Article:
The royal veil is sent by the King of Coramantien to beautiful women he desires. To its recipients, it is a symbol of both a man’s sexual invitation and a woman’s sexual submission. When the king sends Imoinda the royal veil, there is no note that explains what he wants from Imoinda, as the meaning of this sign is already well known to all the king’s subjects, both men and women. Imoinda also knows, probably from the stories of previous recipients of the veil, that to refuse the royal veil is considered an act of impious disobedience to the King, and is punishable by death. The royal veil is also a conspicuous sign to other men that the king has claimed this woman as his “property,” so they should “back off.” The veil’s recipient is supposed to immediately cover herself with the cloth and return to the king. Any man who sees a woman thus robed would recognize that she is one of the king’s chosen ones, and so is no longer sexually available.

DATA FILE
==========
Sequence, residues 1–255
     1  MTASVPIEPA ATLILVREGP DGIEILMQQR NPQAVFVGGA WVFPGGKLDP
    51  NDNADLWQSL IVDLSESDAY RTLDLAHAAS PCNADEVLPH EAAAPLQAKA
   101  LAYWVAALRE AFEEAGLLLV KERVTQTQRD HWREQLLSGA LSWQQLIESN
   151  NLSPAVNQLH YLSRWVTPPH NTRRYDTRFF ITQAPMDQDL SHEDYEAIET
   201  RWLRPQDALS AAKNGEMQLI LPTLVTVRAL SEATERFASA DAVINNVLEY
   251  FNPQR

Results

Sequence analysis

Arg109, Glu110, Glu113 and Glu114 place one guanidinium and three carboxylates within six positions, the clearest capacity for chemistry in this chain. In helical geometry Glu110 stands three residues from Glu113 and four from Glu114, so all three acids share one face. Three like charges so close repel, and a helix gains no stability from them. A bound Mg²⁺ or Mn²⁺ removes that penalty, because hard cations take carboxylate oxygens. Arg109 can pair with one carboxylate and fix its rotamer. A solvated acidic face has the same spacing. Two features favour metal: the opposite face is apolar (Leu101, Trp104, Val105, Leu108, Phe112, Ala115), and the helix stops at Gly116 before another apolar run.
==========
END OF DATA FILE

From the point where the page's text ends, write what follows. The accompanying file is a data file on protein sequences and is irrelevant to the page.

The Oroonoko quotes below all refer to the symbol of The Royal Veil. For each quote, you can also see the other characters and themes related to it (each theme is indicated by its own dot and icon, like this one:).
The timeline below shows where the symbol The Royal Veil appears in Oroonoko. The colored dots and icons indicate which themes are associated with that appearance.
1. Oroonoko in Coramantien
...He cannot simply give Imoinda back to Oroonoko, however, because she was given the royal veil. The King feels spiteful, and decides against executing Imoinda (a noble punishment). Though both women... (full context)